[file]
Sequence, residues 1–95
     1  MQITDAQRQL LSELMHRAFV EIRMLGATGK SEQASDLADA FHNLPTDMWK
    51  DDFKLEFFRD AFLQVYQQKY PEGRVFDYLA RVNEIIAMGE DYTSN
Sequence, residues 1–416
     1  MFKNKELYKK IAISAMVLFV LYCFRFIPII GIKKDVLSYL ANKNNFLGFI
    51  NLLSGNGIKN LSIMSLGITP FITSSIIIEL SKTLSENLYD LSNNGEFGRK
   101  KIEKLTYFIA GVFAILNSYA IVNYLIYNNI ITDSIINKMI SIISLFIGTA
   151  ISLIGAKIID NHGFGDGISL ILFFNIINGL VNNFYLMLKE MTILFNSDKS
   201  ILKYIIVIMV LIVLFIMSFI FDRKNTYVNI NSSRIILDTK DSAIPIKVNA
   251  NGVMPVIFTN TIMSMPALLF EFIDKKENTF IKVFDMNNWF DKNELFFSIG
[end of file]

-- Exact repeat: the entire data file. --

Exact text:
Sequence, residues 1–95
     1  MQITDAQRQL LSELMHRAFV EIRMLGATGK SEQASDLADA FHNLPTDMWK
    51  DDFKLEFFRD AFLQVYQQKY PEGRVFDYLA RVNEIIAMGE DYTSN
Sequence, residues 1–416
     1  MFKNKELYKK IAISAMVLFV LYCFRFIPII GIKKDVLSYL ANKNNFLGFI
    51  NLLSGNGIKN LSIMSLGITP FITSSIIIEL SKTLSENLYD LSNNGEFGRK
   101  KIEKLTYFIA GVFAILNSYA IVNYLIYNNI ITDSIINKMI SIISLFIGTA
   151  ISLIGAKIID NHGFGDGISL ILFFNIINGL VNNFYLMLKE MTILFNSDKS
   201  ILKYIIVIMV LIVLFIMSFI FDRKNTYVNI NSSRIILDTK DSAIPIKVNA
   251  NGVMPVIFTN TIMSMPALLF EFIDKKENTF IKVFDMNNWF DKNELFFSIG